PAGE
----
Naadam (НааДам) is the biggest festival and party in the Mongolian calendar. It is a national holiday for three days in July, based around the three manly sports of wrestling, archery and horse riding.
On the holidays of 10, and 11 July the national focus is on the capital city of Ulaanbaatar, where the wrestling stadium hosts the opening ceremony, and then two days of extremely large men wrestling in blue embroidered underwear and chest-less shirts. Next to the stadium in smaller venues is archery and anklebones, a little like darts combined with ten-pin bowling. The horse races take place outside the city.
Most towns and provinces have their own naadam festivals of manly sports at different times during July, but it is the wrestling championship in the capital that captures the attention. This year 1024 wrestlers fought in the stadium through 10 rounds to find the Champion. The rules are simple. Two men grapple and if any part of your body other than your hands or feet touch the ground then you lose.
I went with three other Australian volunteers to the opening ceremony, which was a stunning visual spectacle tracing the course of Mongolian history. The Mongol horde staged mock battles on foot and horseback, rockets took off and skydivers landed amid the mayhem. After it was all over, the mess was cleaned up (especially from the horses), and the wrestlers took the field for the first round.
We stayed to watch the first few series of matches. About thirty wrestlers took the field, all wrestling in pairs at the same time. Clearly, there were a few extra guys dragged in to make up the numbers, as some of the wrestlers were only normal size, instead of 120kg+ monsters. Mongolian wrestling has no weight classes so they were quickly dispatched by the bigger men, but we always cheered for them.
After getting my fill of watching over-large men wrestling from a long way away, I spent the rest of the day I spend wandering around the different events and stalls outside the stadium. However, I returned the next night for the final rounds. The opening ceremony crowd was half European, but the wrestling finals were an all-Mongolian affair. I didn’t see another white person anywhere.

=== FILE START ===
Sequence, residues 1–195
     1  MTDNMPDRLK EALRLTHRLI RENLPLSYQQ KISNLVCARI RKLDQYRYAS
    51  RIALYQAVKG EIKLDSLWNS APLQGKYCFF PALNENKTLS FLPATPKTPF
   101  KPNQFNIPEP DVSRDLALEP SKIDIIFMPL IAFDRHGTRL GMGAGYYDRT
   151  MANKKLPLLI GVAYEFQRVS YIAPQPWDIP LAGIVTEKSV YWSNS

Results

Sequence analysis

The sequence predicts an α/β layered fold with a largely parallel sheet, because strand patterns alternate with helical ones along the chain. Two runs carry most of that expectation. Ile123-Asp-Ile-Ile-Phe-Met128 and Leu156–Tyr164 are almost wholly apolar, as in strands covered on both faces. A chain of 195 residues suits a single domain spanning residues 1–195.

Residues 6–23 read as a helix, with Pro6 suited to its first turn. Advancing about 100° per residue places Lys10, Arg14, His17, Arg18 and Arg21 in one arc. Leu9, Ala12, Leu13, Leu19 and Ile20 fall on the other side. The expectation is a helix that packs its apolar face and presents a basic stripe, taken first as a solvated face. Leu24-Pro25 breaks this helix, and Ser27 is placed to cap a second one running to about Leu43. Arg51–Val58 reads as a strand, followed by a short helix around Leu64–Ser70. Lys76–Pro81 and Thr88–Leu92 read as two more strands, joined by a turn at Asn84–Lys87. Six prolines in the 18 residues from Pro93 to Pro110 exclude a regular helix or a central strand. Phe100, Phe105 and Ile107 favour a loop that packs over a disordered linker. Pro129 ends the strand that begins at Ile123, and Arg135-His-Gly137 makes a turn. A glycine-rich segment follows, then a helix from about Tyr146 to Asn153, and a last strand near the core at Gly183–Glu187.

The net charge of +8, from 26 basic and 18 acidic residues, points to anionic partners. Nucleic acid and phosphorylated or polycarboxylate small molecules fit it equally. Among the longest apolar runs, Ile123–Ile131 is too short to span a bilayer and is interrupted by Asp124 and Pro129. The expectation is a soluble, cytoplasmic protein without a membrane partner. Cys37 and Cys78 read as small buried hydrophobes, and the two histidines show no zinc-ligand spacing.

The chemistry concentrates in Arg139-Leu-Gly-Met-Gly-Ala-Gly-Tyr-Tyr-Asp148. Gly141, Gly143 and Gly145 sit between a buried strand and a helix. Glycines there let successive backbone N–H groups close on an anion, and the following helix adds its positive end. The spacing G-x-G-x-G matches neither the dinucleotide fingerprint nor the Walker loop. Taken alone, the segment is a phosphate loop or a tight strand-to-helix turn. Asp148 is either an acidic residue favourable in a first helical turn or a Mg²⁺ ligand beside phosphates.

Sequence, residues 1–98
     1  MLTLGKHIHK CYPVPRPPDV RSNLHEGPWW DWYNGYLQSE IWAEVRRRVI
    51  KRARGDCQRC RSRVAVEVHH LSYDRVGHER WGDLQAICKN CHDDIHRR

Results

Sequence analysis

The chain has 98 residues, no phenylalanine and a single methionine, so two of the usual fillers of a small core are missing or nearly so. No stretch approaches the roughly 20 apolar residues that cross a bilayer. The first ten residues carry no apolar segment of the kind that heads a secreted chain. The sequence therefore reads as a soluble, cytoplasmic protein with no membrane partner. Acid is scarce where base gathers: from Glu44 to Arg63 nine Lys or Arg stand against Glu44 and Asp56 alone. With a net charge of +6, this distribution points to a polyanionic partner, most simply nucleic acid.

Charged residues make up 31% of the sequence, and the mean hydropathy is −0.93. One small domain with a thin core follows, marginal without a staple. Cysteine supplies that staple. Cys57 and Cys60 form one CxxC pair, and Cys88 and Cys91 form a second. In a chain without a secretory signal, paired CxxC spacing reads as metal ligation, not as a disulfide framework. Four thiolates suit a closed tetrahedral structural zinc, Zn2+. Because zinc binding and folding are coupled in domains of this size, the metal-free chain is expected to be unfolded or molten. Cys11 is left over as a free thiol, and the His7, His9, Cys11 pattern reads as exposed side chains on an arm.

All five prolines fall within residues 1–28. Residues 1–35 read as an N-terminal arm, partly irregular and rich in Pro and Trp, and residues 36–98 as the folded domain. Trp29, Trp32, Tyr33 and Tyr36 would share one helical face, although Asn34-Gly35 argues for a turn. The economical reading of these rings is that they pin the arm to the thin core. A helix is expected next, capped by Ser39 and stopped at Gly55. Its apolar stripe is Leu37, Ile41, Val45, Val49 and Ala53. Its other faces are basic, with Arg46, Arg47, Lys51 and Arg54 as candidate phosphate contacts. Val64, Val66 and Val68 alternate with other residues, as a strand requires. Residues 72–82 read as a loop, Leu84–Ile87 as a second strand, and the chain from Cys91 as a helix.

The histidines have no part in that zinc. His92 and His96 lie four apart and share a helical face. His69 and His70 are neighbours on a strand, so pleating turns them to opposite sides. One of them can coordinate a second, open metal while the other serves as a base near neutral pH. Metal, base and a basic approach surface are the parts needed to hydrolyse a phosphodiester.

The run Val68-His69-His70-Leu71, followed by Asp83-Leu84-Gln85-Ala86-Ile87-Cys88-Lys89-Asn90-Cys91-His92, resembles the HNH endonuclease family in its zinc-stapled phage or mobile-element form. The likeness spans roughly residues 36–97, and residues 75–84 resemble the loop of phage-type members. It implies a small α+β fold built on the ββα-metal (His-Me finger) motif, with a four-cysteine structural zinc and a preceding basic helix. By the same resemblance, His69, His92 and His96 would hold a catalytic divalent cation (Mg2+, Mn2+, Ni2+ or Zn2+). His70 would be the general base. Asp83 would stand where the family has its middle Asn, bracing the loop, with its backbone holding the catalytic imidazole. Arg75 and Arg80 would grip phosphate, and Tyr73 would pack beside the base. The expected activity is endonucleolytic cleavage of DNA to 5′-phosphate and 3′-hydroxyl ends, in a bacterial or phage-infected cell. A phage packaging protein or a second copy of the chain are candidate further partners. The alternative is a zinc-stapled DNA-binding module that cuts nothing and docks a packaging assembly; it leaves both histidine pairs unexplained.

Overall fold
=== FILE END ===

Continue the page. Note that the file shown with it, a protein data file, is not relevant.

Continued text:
In the finals the crowd finally started getting vocal, cheering on their favourites as they won increasingly long matches. By the time eight wrestlers were left they were slowing the matches down as much as possible, walking off for injuries, chatting to the referees, and looking like they would happily stand around all night. After twenty minutes with no sign of any progress in the last four matches I snuck out to the horror of my neighbouring Mongolians. It was a good decision as the last match didn’t finish until about two hours later.
If anything could top men in their underwear, it was the next day when three of us went to watch the horse racing outside the city. Tsomo, our guide for the day, took us to visit her friends in their ger near the races. They had their own herd of horses, but had finished their races the day before. They welcomed us into the ger and we proceeded to drink fermented horse milk (аираг), salt tea and vodka, while all their neighbours came to join us. Eventually we finished the vodka and spent some time riding and milking their horses before going to watch the small children racing horses. It is the norm to put your smallest, lightest and youngest child on the horse for the races, and hope they come back on the horse. Not all of them do. Despite ethical oversight by UNICEF, many had also thrown away their helmets by the end as well.
After a good day of this entertainment we drove home, our Naadam fun finished for the year. If only I could say it was the last time I was going to have to drink fermented horse milk!